Reading time: ~10 minutes

As a PhD student only just entering the world of climate change, I’m sure I’m a long way from having an accurate picture. This is based on what I understand at the moment, and the thinking that it’s better to try to react than to wait indefinitely to know more. But it’s therefore a limited attempt – I’m very happy to be corrected!

Let’s start with a common goal. Let’s suppose that after considering the challenges we could take up, for the sake of humanity or all life forms or whatever we hold dear, we decide that to halt climate change is our shared mission.

Then what?

Climate change is difficult beyond belief: energy systems, economic growth, politics, ethics, science, technological incentives, the list goes on and on. The question of how to approach it is a hard one. People, organisations and countries disagree precisely because with even slightly different information, parameters, values or skills, even objective people can reach conflicting conclusions.

And that puts our team in a difficult position. Suddenly, we could end up pushing in different directions, arguing over the strategy of this approach or that, based on a few disagreeing experimental results or differing readings of history and politics. Whomever was ‘right’, that arguing would cost us a lot. While we need to find a darn good solution because there’s no guarantee that we can solve climate change without, we need to compromise to do it. This disagreement is because of uncertainty and a spread of opinions about things we can’t measure, not (only) because people are wrong. We can’t cling to our own certainty and expect it to resonate for others. The truth is that even with the knowns and known unknowns, many ideas could be as promising as each other, many things are as likely to be true. But even so, we need to choose one, something concrete to get behind it.

But that’s not what’s happened. If you try to enter the climate change fray now, as we’re doing, you are hit by a cacophony of sometimes vitriolic points and counter-points. It’s hard to even know what to applaud for, let alone what to fight for. Is X a step in the right direction or is it diverting resources from Y, the real solution? You could maybe get around it by agreeably supporting anything ‘green’, but that can get hard after a while. Time and energy are limited; implicitly or explicitly, choices need to be made and stronger action follows from confidence of laudable impact.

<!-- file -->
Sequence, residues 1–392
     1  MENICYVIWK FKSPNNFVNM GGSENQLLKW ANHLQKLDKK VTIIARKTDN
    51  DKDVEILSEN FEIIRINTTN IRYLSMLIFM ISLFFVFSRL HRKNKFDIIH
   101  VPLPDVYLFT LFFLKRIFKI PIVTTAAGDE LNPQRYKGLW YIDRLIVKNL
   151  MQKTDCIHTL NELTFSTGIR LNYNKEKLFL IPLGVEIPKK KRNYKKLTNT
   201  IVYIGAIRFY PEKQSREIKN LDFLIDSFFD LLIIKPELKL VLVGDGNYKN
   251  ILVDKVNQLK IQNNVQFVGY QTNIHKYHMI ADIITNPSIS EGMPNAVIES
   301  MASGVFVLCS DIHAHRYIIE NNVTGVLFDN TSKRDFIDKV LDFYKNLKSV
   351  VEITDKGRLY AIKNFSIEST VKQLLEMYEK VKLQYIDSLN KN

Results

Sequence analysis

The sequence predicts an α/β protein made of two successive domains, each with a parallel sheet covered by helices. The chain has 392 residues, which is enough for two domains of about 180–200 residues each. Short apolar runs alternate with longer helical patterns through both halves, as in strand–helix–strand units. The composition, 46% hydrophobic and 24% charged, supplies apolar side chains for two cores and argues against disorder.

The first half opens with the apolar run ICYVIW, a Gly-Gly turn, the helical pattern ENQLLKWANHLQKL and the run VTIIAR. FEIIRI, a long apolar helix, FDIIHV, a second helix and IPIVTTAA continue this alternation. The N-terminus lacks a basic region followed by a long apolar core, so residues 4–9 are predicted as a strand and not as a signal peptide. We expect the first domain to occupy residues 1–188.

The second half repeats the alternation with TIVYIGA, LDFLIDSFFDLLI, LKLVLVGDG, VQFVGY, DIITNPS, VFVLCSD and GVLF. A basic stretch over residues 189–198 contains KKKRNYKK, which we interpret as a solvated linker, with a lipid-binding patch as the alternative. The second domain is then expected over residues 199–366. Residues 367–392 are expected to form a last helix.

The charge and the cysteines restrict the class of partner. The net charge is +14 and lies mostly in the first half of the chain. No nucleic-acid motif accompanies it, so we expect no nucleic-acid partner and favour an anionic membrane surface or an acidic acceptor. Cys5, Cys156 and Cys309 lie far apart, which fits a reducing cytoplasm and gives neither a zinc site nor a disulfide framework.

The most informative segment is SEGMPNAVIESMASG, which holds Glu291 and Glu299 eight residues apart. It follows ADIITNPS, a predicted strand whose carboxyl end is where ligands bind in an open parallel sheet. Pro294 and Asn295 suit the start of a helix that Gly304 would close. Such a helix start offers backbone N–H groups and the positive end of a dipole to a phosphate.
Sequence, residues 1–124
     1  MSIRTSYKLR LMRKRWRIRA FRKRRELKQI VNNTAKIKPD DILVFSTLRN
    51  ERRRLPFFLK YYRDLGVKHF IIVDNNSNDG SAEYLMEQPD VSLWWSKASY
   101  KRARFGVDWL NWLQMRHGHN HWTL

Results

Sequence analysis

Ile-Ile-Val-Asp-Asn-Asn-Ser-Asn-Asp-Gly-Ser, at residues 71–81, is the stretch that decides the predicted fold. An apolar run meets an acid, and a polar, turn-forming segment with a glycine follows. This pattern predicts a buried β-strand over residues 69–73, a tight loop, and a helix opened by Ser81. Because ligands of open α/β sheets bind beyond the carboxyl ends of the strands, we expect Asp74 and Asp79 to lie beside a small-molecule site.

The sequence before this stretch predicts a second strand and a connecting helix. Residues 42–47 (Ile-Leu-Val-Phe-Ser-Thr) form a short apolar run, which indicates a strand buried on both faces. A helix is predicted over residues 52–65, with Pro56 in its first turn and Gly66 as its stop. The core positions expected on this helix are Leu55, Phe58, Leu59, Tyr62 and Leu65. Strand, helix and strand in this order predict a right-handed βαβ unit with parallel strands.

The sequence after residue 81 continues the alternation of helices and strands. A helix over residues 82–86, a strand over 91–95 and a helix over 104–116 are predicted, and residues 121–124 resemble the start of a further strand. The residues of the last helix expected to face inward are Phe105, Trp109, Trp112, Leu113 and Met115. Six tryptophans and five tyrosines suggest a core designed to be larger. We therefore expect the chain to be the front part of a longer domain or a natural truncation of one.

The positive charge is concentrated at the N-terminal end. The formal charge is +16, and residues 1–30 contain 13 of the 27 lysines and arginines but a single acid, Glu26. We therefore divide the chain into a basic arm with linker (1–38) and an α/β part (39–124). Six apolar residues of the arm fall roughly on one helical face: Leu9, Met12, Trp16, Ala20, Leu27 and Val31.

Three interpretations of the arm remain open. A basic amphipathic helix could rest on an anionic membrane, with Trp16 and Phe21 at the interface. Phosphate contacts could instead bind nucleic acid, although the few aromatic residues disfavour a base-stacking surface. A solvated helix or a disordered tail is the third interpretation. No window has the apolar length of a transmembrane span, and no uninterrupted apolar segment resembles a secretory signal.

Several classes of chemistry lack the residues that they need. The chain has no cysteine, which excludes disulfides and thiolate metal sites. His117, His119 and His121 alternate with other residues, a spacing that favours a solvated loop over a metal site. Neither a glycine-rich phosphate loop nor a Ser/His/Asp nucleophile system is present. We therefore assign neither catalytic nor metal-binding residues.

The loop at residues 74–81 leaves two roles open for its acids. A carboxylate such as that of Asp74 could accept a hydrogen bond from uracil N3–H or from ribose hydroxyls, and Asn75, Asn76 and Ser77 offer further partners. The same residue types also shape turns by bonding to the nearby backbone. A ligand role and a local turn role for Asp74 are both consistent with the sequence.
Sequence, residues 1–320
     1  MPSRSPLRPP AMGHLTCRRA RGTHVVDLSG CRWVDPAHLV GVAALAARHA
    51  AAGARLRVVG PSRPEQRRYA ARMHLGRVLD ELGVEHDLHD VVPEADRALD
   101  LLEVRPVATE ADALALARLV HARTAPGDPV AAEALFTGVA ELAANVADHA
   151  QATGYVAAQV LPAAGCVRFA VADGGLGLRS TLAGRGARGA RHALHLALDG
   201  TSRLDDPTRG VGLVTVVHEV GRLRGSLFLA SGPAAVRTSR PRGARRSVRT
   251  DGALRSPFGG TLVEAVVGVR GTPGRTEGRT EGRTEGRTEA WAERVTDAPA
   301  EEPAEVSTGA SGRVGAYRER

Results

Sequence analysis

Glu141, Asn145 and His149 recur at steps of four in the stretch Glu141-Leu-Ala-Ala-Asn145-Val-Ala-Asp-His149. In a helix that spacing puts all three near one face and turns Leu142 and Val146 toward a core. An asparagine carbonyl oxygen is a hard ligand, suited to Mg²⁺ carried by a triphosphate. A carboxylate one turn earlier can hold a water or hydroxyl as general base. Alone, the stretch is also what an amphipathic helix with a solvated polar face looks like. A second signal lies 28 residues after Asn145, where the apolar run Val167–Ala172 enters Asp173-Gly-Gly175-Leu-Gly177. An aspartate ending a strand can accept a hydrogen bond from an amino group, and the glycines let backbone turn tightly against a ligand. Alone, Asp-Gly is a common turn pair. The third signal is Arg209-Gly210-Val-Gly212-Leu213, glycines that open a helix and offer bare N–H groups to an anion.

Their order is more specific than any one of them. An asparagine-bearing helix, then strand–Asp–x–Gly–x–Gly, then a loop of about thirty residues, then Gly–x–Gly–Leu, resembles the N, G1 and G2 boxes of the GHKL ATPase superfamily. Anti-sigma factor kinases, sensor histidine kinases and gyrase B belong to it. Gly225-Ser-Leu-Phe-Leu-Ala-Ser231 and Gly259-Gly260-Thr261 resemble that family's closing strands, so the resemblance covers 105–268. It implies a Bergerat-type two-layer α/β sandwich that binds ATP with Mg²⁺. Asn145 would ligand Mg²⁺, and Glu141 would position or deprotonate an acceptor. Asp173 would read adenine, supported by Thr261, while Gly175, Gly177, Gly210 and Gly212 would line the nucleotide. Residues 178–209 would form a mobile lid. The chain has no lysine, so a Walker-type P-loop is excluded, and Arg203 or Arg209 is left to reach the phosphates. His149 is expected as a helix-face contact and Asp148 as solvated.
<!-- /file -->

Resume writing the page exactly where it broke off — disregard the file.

So what can we do about it?

From this perspective we have two challenges:

  • Choosing actions to get behind on an individual level from the plethora available.
  • Encouraging solidarity behind targeted compatible, compelling and compromised strategies.

To do the first, you need to understand quite deeply the challenge solving climate change poses, both to wade through the intentionally misleading nefarious suggestions but also to improve upon the estimations made by people emotionally invested in what they’ve already sunk time into. You need time, resources and friends willing help you see holes and jump hurdles. You need to be open-minded but also critical – anything could be true, but anything you hear could be false.

But once you find clarity, you might easily have doubled or quadrupled (or more) your efficacy and you can share it. An objectively ‘good find’ can make it much easier for people on the edge of the team, who care about climate change alongside other equal priorities, to know it’s worth their while to pitch in and act.

The second aim is more long-term and difficult to enact. A group of actors need to coalesce. Uncertainty needs to be admitted on all sides, quantified, and hedged against. Questions between opposing actions need to be scrutinized and decided, be it clarity or coin-flip if nothing better is available. So much baggage would need to be left at the door for the promised reward of a smoother-sailing ship which is going faster, but maybe not precisely by each sailors compass. [Excuse the metaphors].

My point is petering out so I’ll close it up with a bang for now. When it comes to a climate change clubs, I think it’s very important to have at least some branch giving people already on the climate “team” a venue and encouragement to explore the question of strategy. Some people will be happy listening to information or jumping on board with whatever project is recommended, but others will want be able to slow down and zoom out.

It’ll be that skill, of seeing the whole issue and picking out what matters, that helps us find long-term wider consensus and so it seems well worth trying to foster it here and now.

That’s a lot of my motivation behind Acting Best on Climate Change. It meshes well with a more active outward facing Climate/Environment club, but as a project it would take a different rhythm because it has a different audience and aim in mind. One step is to do actions, raising awareness about climate change or getting people recycling, but another, just as important, is to slowly learn and think, hem and haw.

Having a revolving door between the two steps, but neither crowding out the other, seems to me a good bet. Can we make that happen?